Negative Sharpe Ratio

What is the Negative Sharpe Ratio?

The Sharpe ratio is a measure of risk-adjusted return. The risk-free rate of return, return of the portfolio, and standard deviation of the portfolio are three major components for the analysis of a portfolio using the Sharpe ratio. The negative Sharpe ratio occurs because of either one of two things:

  • Either the risk-free rate of return is greater than the return earned on the portfolio
  • Or, the portfolio has earned a negative return.
  1. Higher Risk-Free Rate of Return: The Sharpe ratio measures the extra compensation an investor receives over the risk-free rate of return for bearing additional risk. The risk-free rate of return is generally based on the government bond rate of the economy. For example, the risk-free rate in the USA is based on treasury bills or T-bills. The Sharpe ratio can be negative even if the portfolio has earned a positive return but this return is less than the risk-free rate in the economy. Therefore, a portfolio manager needs to outperform the risk-free rate of return to get a positive Sharpe ratio.
  2. Negative Return on the Portfolio: A negative return means that the portfolio made a loss. Hence, the investors have incurred a loss on the portfolio. The Sharpe ratio is bound to be negative in this case because it is used to calculate risk-adjusted profit which will eventually be negative.
Negative Sharpe Ratio

Comparing Two Negative Sharpe Ratios

In the above paragraph, we have already mentioned the three factors that determine the Sharpe ratio of a portfolio. Except for the return on a portfolio, the negative Sharpe ratios can be compared based on the risk-free rate of return and standard deviation on the portfolio.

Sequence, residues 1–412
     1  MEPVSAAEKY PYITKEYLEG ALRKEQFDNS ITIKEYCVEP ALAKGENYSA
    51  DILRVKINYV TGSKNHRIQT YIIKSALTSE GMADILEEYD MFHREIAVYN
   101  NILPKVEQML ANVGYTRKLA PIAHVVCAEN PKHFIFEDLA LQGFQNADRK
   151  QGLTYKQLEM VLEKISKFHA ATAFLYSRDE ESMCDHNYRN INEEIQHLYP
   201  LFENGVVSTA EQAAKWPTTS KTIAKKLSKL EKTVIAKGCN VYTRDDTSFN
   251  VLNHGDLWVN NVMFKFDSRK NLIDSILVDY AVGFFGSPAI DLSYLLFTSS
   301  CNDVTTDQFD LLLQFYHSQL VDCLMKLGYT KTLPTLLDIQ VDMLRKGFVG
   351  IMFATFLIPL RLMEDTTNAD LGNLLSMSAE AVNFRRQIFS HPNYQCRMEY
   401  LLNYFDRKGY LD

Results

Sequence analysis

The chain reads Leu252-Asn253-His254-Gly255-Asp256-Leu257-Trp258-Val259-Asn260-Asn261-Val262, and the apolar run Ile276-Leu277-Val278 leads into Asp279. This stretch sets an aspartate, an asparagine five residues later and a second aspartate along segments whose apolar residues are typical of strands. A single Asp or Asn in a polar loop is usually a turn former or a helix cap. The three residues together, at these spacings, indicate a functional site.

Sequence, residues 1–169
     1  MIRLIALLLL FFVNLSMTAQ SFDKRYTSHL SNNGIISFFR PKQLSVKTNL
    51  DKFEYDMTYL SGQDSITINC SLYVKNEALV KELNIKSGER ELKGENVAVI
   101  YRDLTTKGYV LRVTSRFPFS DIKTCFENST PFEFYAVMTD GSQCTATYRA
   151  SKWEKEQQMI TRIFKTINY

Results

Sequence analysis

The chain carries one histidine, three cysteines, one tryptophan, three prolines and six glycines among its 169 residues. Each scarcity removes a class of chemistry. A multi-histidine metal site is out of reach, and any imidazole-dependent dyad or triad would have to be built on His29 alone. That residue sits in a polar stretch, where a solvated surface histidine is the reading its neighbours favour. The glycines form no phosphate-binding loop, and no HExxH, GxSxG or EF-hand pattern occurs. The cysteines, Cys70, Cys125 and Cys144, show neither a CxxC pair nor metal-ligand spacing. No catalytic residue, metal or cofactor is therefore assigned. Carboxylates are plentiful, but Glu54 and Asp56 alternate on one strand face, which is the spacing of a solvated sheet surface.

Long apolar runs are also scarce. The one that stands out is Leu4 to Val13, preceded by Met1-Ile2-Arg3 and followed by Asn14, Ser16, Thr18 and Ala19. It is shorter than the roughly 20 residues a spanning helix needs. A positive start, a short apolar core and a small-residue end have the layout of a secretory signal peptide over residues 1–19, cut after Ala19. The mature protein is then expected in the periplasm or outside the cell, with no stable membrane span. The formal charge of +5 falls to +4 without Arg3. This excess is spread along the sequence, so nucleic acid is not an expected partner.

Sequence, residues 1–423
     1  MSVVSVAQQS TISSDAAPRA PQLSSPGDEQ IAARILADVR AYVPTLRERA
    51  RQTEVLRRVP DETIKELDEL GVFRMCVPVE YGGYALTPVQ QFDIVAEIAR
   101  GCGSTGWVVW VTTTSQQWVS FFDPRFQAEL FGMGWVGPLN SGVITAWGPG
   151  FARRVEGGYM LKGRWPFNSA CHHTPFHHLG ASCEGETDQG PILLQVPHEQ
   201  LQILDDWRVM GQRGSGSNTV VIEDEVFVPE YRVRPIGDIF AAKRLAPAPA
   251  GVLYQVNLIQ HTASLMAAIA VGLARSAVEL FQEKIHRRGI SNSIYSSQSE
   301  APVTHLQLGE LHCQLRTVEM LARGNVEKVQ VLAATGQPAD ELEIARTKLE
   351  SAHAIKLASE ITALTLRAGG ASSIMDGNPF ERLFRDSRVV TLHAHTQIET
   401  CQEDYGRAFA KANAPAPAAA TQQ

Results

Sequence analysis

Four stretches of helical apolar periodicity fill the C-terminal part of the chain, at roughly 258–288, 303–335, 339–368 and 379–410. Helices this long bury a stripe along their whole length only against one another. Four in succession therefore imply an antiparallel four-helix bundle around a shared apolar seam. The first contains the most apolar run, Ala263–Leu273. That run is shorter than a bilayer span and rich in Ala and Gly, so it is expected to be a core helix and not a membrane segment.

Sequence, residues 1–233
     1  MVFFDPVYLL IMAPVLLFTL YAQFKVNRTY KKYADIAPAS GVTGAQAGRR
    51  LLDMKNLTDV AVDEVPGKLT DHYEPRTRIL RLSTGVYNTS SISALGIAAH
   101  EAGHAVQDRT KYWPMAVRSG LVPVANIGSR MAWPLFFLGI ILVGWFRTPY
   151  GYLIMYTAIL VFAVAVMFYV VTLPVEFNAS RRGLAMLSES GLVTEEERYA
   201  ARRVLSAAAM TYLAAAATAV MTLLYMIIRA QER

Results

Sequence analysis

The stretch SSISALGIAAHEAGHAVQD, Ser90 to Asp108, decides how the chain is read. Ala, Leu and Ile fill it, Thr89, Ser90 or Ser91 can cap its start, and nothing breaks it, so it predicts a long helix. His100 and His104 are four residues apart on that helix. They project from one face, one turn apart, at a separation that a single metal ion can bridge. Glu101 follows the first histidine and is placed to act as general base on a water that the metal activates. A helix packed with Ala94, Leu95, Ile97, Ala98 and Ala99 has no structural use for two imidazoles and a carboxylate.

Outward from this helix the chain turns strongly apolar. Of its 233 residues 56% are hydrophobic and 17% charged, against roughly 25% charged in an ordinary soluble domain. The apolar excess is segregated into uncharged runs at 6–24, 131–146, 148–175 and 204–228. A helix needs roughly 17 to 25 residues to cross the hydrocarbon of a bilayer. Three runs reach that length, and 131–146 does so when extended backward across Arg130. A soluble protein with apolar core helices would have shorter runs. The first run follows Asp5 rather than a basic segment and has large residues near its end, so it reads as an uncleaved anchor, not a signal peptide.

Risk-Free Rate of Return

In the numerator part of the formula, we subtract the risk-free rate of return from the return on the portfolio. For comparing two negative Sharpe ratios it is important to have a uniform risk-free rate of return. If the risk-free rate of return is different for the calculation of each portfolio’s Sharpe ratio, then we cannot compare the two Sharpe ratios just based on the ratio calculated. Therefore, the risk-free rate of return must be a factor under consideration for comparing two negative Sharpe ratios.

Standard Deviation of the Portfolio

The denominator part of the Sharpe ratio is based on the standard deviation of the portfolio. Standard deviation is the measure of how dispersed the data is in relation to its mean. It calculates the risk associated with an investment in the portfolio. Each investment or portfolio can have a different level of risk or standard deviation associated with it. The Sharpe ratio of two different portfolios with the same return and risk-free rate of return can turn out to be different because of the difference in standard deviation. Therefore, the difference in the risk factor, which in this case is standard deviation, can majorly impact the risk-adjusted return or the Sharpe ratio of the portfolio. 

Sanjay Borad

Sanjay Bulaki Borad

MBA-Finance, CMA, CS, Insolvency Professional, B'Com

Sanjay Borad, Founder of eFinanceManagement, is a Management Consultant with 7 years of MNC experience and 11 years in Consultancy. He caters to clients with turnovers from 200 Million to 12,000 Million, including listed entities, and has vast industry experience in over 20 sectors. Additionally, he serves as a visiting faculty for Finance and Costing in MBA Colleges and CA, CMA Coaching Classes.

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